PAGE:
“What has Beanie Wells meant? Oh, man. We wouldn’t be right here with all of you if it weren’t for Beanie Wells,” Jim Tressel said. “I think he’s really grown.”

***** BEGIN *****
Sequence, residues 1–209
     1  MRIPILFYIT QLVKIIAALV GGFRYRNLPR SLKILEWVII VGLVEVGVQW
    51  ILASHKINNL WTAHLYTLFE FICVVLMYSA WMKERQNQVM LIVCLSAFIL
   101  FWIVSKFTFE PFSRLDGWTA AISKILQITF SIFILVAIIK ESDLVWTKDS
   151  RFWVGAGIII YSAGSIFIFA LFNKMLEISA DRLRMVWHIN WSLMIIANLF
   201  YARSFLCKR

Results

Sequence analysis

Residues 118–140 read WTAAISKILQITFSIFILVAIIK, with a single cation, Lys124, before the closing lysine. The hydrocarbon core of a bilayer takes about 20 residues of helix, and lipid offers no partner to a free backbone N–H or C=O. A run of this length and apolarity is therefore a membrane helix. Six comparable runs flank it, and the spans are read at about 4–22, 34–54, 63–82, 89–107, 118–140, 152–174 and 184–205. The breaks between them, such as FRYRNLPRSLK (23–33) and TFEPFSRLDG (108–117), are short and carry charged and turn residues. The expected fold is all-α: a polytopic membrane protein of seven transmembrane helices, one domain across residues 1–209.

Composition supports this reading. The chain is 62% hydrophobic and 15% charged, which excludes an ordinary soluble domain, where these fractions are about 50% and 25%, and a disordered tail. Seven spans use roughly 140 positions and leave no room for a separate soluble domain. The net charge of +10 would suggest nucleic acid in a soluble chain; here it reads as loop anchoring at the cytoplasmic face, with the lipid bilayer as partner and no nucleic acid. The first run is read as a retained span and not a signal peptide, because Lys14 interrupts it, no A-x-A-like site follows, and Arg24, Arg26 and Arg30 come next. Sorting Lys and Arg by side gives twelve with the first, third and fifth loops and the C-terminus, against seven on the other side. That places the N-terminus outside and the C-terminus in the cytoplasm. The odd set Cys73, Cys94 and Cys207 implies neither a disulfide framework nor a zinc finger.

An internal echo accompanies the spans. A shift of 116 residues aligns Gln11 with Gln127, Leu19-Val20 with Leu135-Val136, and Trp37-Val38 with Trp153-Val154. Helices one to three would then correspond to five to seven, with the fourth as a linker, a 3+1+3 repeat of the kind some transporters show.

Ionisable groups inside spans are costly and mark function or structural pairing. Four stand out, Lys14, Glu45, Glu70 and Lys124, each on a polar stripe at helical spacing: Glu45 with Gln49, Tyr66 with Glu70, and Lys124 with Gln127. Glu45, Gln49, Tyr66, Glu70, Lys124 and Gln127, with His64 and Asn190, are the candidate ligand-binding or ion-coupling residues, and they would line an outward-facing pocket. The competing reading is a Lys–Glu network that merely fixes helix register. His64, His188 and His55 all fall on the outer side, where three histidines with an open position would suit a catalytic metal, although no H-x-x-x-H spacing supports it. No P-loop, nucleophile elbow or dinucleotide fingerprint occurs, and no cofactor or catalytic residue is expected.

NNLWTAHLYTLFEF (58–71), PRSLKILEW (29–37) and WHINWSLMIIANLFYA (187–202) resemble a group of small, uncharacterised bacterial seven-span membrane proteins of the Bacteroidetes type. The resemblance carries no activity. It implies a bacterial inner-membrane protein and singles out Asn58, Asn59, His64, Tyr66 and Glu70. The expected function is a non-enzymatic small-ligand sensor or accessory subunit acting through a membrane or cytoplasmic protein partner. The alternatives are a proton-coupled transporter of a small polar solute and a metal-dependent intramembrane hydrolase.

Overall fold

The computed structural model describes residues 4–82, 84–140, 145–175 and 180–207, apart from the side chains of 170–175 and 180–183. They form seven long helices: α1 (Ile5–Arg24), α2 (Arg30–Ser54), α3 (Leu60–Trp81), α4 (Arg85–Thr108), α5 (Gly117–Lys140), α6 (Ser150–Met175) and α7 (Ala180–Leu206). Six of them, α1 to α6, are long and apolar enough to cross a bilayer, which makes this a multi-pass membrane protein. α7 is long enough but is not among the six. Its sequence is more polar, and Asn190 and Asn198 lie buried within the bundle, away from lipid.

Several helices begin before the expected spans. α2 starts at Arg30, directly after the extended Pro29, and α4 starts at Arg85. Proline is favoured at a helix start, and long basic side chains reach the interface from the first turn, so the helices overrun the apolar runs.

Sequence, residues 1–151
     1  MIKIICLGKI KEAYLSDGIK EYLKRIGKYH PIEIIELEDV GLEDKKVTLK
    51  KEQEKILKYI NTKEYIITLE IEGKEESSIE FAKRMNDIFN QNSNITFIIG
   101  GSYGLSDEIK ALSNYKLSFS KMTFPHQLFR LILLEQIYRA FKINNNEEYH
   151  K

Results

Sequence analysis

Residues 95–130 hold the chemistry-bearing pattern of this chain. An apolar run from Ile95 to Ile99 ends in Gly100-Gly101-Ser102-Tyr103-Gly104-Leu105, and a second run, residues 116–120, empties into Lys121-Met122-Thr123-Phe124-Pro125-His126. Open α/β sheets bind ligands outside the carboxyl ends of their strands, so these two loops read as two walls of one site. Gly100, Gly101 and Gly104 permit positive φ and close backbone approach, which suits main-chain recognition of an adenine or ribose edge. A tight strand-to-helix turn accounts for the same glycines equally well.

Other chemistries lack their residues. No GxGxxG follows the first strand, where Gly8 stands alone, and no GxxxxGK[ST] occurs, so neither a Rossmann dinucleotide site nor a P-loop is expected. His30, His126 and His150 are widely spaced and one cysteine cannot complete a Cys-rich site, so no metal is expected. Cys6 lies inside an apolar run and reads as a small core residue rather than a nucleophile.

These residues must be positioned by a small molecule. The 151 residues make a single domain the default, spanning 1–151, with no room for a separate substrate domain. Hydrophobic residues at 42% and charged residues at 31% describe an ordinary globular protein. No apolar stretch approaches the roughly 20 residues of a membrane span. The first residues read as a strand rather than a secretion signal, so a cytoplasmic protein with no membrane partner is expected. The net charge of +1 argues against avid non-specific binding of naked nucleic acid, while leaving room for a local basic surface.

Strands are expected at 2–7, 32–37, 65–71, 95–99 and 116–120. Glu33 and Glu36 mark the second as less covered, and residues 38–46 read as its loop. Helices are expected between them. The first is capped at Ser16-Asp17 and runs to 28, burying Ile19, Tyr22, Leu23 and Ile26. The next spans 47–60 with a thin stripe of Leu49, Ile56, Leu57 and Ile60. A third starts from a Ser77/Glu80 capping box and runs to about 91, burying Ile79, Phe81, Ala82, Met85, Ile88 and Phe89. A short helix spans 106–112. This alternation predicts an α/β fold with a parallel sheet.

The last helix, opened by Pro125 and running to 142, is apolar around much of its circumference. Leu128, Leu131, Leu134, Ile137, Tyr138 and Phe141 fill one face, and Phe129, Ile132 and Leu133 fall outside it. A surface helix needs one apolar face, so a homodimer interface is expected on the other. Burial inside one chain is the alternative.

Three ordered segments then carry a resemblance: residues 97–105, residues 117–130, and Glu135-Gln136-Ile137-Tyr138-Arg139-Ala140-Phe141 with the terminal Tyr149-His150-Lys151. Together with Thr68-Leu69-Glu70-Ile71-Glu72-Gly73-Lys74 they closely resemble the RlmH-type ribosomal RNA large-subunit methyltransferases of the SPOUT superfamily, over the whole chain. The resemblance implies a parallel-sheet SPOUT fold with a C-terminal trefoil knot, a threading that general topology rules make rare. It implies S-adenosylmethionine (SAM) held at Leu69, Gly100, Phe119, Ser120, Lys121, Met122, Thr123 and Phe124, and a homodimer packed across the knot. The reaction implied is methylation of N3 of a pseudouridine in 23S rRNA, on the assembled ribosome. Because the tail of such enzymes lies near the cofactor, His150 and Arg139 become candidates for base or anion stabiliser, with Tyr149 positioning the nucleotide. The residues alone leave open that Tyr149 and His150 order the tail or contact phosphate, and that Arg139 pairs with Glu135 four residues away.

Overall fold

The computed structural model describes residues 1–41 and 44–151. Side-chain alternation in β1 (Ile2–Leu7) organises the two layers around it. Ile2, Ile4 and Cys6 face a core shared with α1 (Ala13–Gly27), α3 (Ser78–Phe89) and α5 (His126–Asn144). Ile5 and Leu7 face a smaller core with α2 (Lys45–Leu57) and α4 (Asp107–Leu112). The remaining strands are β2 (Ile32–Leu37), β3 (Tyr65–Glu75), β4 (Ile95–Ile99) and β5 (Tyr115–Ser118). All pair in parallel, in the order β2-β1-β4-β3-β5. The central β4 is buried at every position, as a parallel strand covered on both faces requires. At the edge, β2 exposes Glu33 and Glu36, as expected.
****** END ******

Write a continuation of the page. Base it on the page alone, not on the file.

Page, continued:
A few weeks before bruising Beanie Wells took his first handoff as Ohio State’s starting tailback, Jim Tressel pulled him aside for a conversation. It was the kind of thing a head coach says to a key player before a season begins. Tressel, looking up and into Wells’ eyes, challenged the 6-foot-1, 235-pound back to develop something. A warrior’s mentality. What Tressel meant by that was ignoring pain, ignoring bruises. There is, after all, a difference between being injured and being hurt. So Wells has played with a severe ankle injury all season that won’t get better without rest. Against Michigan, Wells ran over defenders. He ran past them. He cut around them. He did it with tears in his eyes. A Buckeye legend was created that cold, wet early winter’s day. He hit the Wolverines for a career-high 39 carries and 222 yards. To date, Wells has the second-best sophomore rushing season in OSU history -- behind only Archie Griffin. “What has Beanie Wells meant? Oh, man. We wouldn’t be right here with all of you if it weren’t for Beanie Wells,” Tressel said. “I think he’s really grown.” A couple of weeks after his Michigan performance, Buckeye teammates voted Wells the Most Valuable Player. “It’s great that my teammates voted me that award,” Wells said, almost too bashful to mention it. “It’s a tremendous honor. I was really surprised by that.” Wells has run for 1,463 yards and 14 touchdowns on 254 carries. He replaced fellow Summit County native Antonio Pittman, who left a year early for the NFL. “We lose Antonio Pittman and gained Beanie Wells,” right tackle Kirk Barton said. “He’s as good as anyone.” Wells speaks short and softly. So when he speaks, he leads. He did it before the Michigan game to get his teammates in the right frame of mind. Wells did it again during Ohio State’s bowl media day, when he essentially said he was tired of hearing Ohio State get trashed. “I’m tired of hearing people talk about how Ohio State has no speed,” Wells said. “Ohio State’s not this. Ohio State is this. We are Ohio State, and we’re going to play whoever.” That’ll be LSU on Jan. 7 in the BCS National Championship game at the Superdome in New Orleans. While some believe the Tigers run defense is the strength of the team, Wells doesn’t see it that way. LSU is allowing 103 yards a game on the ground, good for 14th in the country. “I think if you really look at the film, teams could run non LSU,” Wells said. “So I really wouldn’t say that’s one of their strengths.” What is fresh in Wells’ mind is Darren McFadden leading Arkansas to a 385-yard rushing day against LSU. Florida and Kentucky both ran for better than their season averages on the Tigers. Ole Miss hit them for 201 yards. If the Buckeyes are going to have success on offense, Wells will need to be their warrior again. If that happens, he will start the 2008 season as a Heisman Trophy favorite. “I haven’t focused on it ... or thought about that,” Wells said. “My whole focus right now is gearing up for LSU. Just going out there to New Orleans and being the best team we can possibly be.” Wells remembers a year ago when Ohio State went to Arizona, fat off its own ranking, the banquet circuit and press clippings. They weren’t themselves, Wells said. “This year, we’re a lot more focused,” Wells said. “We’re not 12-0 as we were last year. We’re 11-1, and we know what it feels like to lose. We don’t like that feeling at all, and we don’t want to feel that ... on the way home (from New Orleans).” He doesn’t want Cajun food. He doesn’t care to stop by Emeril’s. He could care less about Bourbon Street. “Becoming a national champion,” Wels said. “That’s about it.” Wells doesn’t waste words, nor carries. For more on Ohio State’s preparations for the All State Sugar Bowl, read Todd Porter’s blog at www.cantonrep.com/blogs Reach Repository sports writer Todd Porter at (330) 580-8340 or firstname.lastname@example.org.